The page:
Coming to a dashboard near you, maybe: Android M, Google’s tentatively-named platform for automotive infotainment and connected services management. Designed and built directly into the vehicle as an integrated system, Android M is the first connected platform that is not dependent upon a tethered smartphone. Unlike Android Auto, which “projects” the user interface onto the in-dash display from the smartphone, Android M generates the UI and hosts all applications inside the dash.
This direct integration approach has the potential for fully leveraging Google’s suite of connected services as well as gaining usage of a vehicle’s on-board sensors, cameras and Wi-Fi connections (as equipped). It is this type of integration that would ultimately lead to meeting higher expectations from consumers who are increasingly comparing their connected experience in cars to that of their smartphones and tablets.
This degree of integration into an automaker’s vehicle doesn’t come without challenges, as companies such as Mercedes-Benz and Volkswagen executives have been critical of Google’s (and Apple’s) data collection and handling practices. Other automakers are understandably concerned over handing over their entire infotainment platform to an outside company, particularly one that has such robust data analytics and cloud computing capabilities currently outside the reach of most car companies. Considering the average American spends nearly 50 minutes commuting on a workday, that adds up to a tremendous amount of data generated for Google’s usage.
If automakers cannot leverage the revenue potential of big data generated by the increasing demand for connected services in and out of the car, they need to partner with companies who can. Understanding the challenge and taking correct measures to create a “winning team” will help automakers to recognize this as a viable revenue source worthy of cross-industry collaboration.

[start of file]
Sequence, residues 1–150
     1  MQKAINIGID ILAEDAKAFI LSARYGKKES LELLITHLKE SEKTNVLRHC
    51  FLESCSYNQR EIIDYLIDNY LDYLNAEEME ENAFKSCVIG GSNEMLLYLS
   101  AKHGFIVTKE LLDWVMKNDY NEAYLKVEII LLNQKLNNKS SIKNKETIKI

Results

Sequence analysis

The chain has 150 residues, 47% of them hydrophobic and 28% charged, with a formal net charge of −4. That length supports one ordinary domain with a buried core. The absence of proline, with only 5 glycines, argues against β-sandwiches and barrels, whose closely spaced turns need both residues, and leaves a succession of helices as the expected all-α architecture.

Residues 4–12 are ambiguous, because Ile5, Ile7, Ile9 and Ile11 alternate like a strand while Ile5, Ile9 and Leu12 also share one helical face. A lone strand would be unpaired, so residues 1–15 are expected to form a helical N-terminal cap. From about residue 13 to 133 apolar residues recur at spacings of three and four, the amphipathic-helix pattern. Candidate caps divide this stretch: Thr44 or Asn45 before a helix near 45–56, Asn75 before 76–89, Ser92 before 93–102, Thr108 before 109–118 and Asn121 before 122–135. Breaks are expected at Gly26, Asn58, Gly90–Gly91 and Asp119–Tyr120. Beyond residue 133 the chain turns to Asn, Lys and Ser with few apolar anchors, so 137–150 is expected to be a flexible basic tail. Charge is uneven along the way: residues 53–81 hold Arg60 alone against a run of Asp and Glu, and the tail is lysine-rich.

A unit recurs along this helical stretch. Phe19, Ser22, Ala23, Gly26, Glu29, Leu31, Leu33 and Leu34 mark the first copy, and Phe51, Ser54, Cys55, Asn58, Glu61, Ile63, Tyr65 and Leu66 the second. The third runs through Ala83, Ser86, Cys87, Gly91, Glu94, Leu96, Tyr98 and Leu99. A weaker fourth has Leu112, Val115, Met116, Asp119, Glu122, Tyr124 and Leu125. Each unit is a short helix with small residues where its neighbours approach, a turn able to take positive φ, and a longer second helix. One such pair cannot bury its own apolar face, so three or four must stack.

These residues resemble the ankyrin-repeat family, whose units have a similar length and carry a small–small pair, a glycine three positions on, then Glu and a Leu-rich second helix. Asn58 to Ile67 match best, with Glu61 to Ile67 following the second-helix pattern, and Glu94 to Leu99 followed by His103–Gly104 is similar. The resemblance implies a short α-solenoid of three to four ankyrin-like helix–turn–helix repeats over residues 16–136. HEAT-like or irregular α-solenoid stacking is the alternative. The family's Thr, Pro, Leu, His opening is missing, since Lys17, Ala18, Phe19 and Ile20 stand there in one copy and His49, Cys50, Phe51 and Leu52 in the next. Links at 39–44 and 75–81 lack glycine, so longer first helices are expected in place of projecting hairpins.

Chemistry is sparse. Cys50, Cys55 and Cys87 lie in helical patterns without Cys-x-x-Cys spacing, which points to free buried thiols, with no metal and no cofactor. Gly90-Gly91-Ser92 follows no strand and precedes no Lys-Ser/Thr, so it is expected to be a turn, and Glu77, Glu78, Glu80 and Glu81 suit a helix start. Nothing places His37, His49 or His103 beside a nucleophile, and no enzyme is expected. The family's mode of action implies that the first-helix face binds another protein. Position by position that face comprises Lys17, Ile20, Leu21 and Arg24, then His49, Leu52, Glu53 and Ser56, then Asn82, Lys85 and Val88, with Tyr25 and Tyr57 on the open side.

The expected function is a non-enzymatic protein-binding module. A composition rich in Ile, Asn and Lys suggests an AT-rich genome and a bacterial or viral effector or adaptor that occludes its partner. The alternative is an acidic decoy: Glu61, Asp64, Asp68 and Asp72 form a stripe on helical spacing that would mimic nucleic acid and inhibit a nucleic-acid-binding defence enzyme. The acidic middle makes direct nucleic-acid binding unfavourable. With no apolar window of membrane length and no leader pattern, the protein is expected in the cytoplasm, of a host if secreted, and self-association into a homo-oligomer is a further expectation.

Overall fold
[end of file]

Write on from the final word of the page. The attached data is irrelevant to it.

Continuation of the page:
We read with interest the opinion of IHS Automotive analyst Mark Boyadjis: “Automakers want to keep their brand appeal and keep their differentiation … automakers don’t want to have a state of the industry where you get in any vehicle and it’s just the same experience wherever you go.” While we agree that in-car connected experiences need to be personalized, we believe standardized platforms deliver much-needed (and wanted) familiarity to consumers who for years have been confronted with infotainment system menu complexity, poor device compatibility and lack of upgrade capability. Automotive branding and differentiation should not be “Job One” if the attempt overwhelms a driver’s ability to operate the system safely and to their expectations.
We support the idea of automakers partnering with technology companies in the delivery of advanced connected car solutions as well as the responsible, proper usage of the data generated by such vehicles. With much of their infotainment system development already outsourced, automakers continue to show good judgment in leaving the connected infotainment tech development to the experts who do it for a living. And do it well.
Source: Google aiming to go straight into car with next Android, report says – Automotive News